AUSTIN, TX - Today the League of Women Voters of Texas filed an amicus curiae in In Re Chris Turner, et al. asking the Texas Supreme Court to void the Governor’s veto, highlighting the impact of Governor Abbott's veto of the legislative budget.
“Governor Abbott's defunding of the legislative branch and its vital offices is dangerous to our democracy, undermines the will of the people, and invalidates the checks and balances upon which our government is built," said Grace Chimene, president of the LWV of Texas. "It’s vital that all Texans declare our independence from party politics and unite as one voice against this unprecedented move.”
By defunding the Texas Legislature, its staffers, and nonpartisan legislative agencies, Governor Abbott’s veto will prevent the Texas Legislature from performing its constitutional duty to redistrict congressional, legislative, and state board of education seats. Without any funds, the Legislature will neither be able to conduct the redistricting process nor comply with any of the citizen engagement expectations that usually accompany the legislative component. The League is deeply interested in the outcome of this case because, without judicial intervention, Governor Abbott’s veto of appropriations for the legislative branch will deprive Texas citizens of a timely and fair process for the redrawing of federal congressional and state legislative maps.
“The Governor’s action to defund the legislature will have a detrimental impact on the upcoming redistricting cycle. We hope that the court not only recognizes that but rules in a way that will restore faith in the redistricting process,” said Demetrius Fisher, national campaign manager for People Powered Fair Maps TM, the League of Women Voters of the United States’s redistricting reform program. “This year, states will have a much shorter window to draw maps, so it is critical that map drawers have adequate time and resources needed to ensure that Texas communities are fairly drawn.”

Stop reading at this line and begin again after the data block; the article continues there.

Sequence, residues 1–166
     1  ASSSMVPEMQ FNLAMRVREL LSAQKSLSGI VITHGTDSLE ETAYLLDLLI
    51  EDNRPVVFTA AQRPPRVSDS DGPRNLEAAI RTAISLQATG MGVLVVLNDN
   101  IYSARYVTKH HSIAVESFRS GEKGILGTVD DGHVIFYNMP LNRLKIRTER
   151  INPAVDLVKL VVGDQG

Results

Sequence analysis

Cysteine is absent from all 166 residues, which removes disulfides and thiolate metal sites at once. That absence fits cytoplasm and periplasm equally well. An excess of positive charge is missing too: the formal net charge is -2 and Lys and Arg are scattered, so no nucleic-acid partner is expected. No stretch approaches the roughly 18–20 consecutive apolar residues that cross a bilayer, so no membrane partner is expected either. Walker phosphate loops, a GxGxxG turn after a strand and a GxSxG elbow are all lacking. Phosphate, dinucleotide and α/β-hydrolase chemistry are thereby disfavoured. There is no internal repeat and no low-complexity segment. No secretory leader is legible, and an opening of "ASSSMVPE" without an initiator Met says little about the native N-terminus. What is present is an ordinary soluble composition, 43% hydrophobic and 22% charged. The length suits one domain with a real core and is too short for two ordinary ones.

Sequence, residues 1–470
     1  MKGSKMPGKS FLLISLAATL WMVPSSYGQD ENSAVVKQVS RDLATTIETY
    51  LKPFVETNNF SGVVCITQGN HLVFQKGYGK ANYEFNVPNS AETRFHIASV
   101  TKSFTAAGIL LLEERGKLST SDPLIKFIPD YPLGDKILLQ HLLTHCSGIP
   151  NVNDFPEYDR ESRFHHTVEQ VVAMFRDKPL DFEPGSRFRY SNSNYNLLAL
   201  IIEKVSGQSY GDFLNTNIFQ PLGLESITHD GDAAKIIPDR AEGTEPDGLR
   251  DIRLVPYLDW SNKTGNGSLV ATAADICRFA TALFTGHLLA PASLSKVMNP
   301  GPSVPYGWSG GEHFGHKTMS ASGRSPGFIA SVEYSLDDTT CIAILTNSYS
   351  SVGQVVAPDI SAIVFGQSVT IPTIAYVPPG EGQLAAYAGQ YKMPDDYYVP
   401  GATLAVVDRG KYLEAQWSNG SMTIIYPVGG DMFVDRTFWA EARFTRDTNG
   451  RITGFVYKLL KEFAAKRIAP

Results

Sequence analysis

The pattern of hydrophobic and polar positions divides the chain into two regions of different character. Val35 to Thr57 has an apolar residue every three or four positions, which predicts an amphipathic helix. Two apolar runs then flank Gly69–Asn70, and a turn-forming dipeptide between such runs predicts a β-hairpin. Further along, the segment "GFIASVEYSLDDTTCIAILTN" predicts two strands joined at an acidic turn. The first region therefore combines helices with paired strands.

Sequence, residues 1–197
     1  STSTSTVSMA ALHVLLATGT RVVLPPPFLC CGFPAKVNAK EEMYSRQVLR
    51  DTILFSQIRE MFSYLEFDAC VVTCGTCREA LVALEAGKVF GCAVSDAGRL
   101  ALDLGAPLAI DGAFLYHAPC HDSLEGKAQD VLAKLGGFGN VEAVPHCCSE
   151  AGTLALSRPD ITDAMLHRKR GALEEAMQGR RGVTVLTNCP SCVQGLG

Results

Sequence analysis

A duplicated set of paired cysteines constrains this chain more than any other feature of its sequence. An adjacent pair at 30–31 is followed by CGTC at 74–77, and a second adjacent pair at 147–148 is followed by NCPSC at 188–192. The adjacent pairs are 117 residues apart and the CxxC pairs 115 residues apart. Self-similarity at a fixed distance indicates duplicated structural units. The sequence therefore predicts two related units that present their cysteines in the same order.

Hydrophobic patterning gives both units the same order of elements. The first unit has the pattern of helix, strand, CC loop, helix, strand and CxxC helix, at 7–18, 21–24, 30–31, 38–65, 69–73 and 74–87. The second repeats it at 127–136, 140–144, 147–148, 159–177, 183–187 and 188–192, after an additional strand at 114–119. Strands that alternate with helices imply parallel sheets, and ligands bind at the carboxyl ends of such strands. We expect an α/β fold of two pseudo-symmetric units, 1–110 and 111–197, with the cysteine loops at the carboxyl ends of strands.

The League has a long history of advocating for fair, transparent, and accountable redistricting practices and works to encourage its members and all Texans to be informed and active participants in democracy. The League, therefore, seeks to raise for the Court’s consideration the significant consequences of the Governor’s veto and to further the League’s mission of fighting against attacks on the fundamental constitutional right to fair and equal representation guaranteed to all citizens by the United States and Texas Constitutions.
The League was represented by attorneys Allison J. Riggs and Noor Taj of the Southern Coalition for Social Justice and attorney Renea Hicks of the Law Office of Renea Hicks. The Southern Coalition for Social Justice, founded in 2007, partners with communities of color and economically disadvantaged communities in the South to defend and advance their political, social, and economic rights through the combination of legal advocacy, research, organizing, and communications.
The brief can be accessed here.
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